In the 1960s and '70s, as Americans argued over legalizing abortion, supporters of abortion rights sometimes held coat hangers aloft as an eloquent, grisly reminder that desperate women used them – and other methods -- for horrific, sometimes fatal self-induced illegal abortions.
In an April 1969 demonstration by more than 300,000 protesters in Washington, marchers wore coat hangers around their necks and held signs reading, "Never again."
Maybe that symbol has faded from memory after 40 years of legal abortion, but not everyone's forgotten. A Washington nonprofit group is giving away a small coat-hanger pendant to anyone who donates to its fund to help poor local women pay for abortions.
Out in the online world, offense – naturally – is being taken.
Some abortion opponents are trying to characterize this political statement as merely an ornament, a piece of jewelry that trivializes the matter. But it is no more an ornament or jewelry than the fetus-feet lapel pins bought and worn by abortion foes.
I suspect it's the harrowing, silent power of the coat hanger image that they really object to. And a coat hanger is innocuous, compared to what some panicked pregnant women resorted to.
In 2003, on the 30th anniversary of Roe vs. Wade, I interviewed Dr. Daniel Mishell, the longtime chair of the ob-gyn department at USC's Keck School of Medicine.
Decades ago, he worked at Harbor General Hospital and what is now L.A. County-USC Medical Center, in their septic abortion wards. Those places, he told me, were full of "the sickest patients," women who not infrequently died from using coat hangers or knitting needles or radiator flush to induce abortions.
Those, along with equally dangerous back-alley abortionists, were the choices, unless you were rich enough to get to someplace where abortions were safe and legal, like Sweden, where Mishell worked in 1961 and where he got calls from colleagues at home trying to arrange overseas abortions for their pregnant, prosperous patients.
In February 1882, The Times published an account of a young L.A. woman who died after trying to end a pregnancy with carbolic acid. One doctor testified that she had come to him for help, but, he said, "I did not propose to put my head in a noose for the $150 that she offered me."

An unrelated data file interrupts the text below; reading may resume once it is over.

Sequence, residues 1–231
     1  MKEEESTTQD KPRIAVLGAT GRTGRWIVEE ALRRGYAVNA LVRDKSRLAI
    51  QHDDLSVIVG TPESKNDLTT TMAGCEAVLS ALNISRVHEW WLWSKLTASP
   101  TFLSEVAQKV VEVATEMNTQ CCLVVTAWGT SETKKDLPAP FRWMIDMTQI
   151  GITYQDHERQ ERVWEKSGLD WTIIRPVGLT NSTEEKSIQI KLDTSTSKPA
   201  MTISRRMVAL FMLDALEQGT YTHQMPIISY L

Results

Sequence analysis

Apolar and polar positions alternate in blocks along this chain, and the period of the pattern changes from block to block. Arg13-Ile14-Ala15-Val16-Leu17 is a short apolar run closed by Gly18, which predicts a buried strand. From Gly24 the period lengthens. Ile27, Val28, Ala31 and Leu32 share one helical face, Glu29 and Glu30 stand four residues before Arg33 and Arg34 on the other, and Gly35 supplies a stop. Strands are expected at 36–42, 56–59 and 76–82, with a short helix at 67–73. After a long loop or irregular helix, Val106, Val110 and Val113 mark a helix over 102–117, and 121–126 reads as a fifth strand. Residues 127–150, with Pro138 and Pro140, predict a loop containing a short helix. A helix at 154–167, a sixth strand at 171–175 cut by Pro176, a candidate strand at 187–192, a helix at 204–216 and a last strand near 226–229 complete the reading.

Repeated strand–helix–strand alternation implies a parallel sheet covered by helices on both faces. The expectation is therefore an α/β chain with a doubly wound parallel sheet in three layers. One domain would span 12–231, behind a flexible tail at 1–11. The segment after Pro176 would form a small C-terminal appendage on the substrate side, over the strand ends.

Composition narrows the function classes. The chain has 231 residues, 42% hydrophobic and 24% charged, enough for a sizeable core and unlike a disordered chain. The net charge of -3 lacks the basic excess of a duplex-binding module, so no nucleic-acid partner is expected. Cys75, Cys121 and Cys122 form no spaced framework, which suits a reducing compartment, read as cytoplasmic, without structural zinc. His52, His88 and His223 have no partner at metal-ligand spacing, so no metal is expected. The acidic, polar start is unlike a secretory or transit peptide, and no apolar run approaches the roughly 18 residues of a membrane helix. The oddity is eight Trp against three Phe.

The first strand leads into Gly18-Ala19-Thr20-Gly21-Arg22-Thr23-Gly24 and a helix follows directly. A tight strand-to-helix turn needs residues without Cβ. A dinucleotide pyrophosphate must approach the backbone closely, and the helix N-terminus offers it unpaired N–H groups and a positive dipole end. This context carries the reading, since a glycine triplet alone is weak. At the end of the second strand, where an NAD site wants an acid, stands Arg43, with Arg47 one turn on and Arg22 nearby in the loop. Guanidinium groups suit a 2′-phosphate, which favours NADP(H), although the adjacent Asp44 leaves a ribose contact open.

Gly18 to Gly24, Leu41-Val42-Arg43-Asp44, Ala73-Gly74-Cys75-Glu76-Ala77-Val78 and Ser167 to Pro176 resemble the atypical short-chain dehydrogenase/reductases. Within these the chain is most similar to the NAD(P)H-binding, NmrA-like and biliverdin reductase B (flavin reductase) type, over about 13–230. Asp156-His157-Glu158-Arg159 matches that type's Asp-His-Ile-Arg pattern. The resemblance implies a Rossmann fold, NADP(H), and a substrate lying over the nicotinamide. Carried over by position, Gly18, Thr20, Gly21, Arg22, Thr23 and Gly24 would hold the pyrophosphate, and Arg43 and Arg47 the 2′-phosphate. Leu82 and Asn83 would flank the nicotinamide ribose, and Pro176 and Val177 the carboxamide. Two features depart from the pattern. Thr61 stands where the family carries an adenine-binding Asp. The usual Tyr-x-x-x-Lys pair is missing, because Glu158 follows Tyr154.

Even in the years following the Roe ruling, the coat hanger was used to make a point. In 1985, a UCLA fraternity was suspended after some of its members drove an RV from L.A. to a football game in Palo Alto with the image of a woman's bloodied sexual organs and a coat hanger with the slogan "Abortion–Yes!" painted on the RV's side.
The Times' Pulitzer Prize-winning cartoonist Paul Conrad, a Catholic who came to favor abortion rights, went after critics of legal abortion with this 1988 cartoon showing the figure of Justice holding a coat hanger instead of scales. He employed the coat hanger again to mock President George H.W. Bush's pro-gun, antiabortion position.
For today's young women, the coat hanger pendant may be the first time they've seen this symbol, but it won't be the last. As the relentless closing of clinics in Texas and elsewhere, and the laws masquerading as concern for women's safety but in fact meant to stop safe, legal abortion continue into Roe vs. Wade's fifth decade, so will the coat hanger as a symbol of what was and what might be again.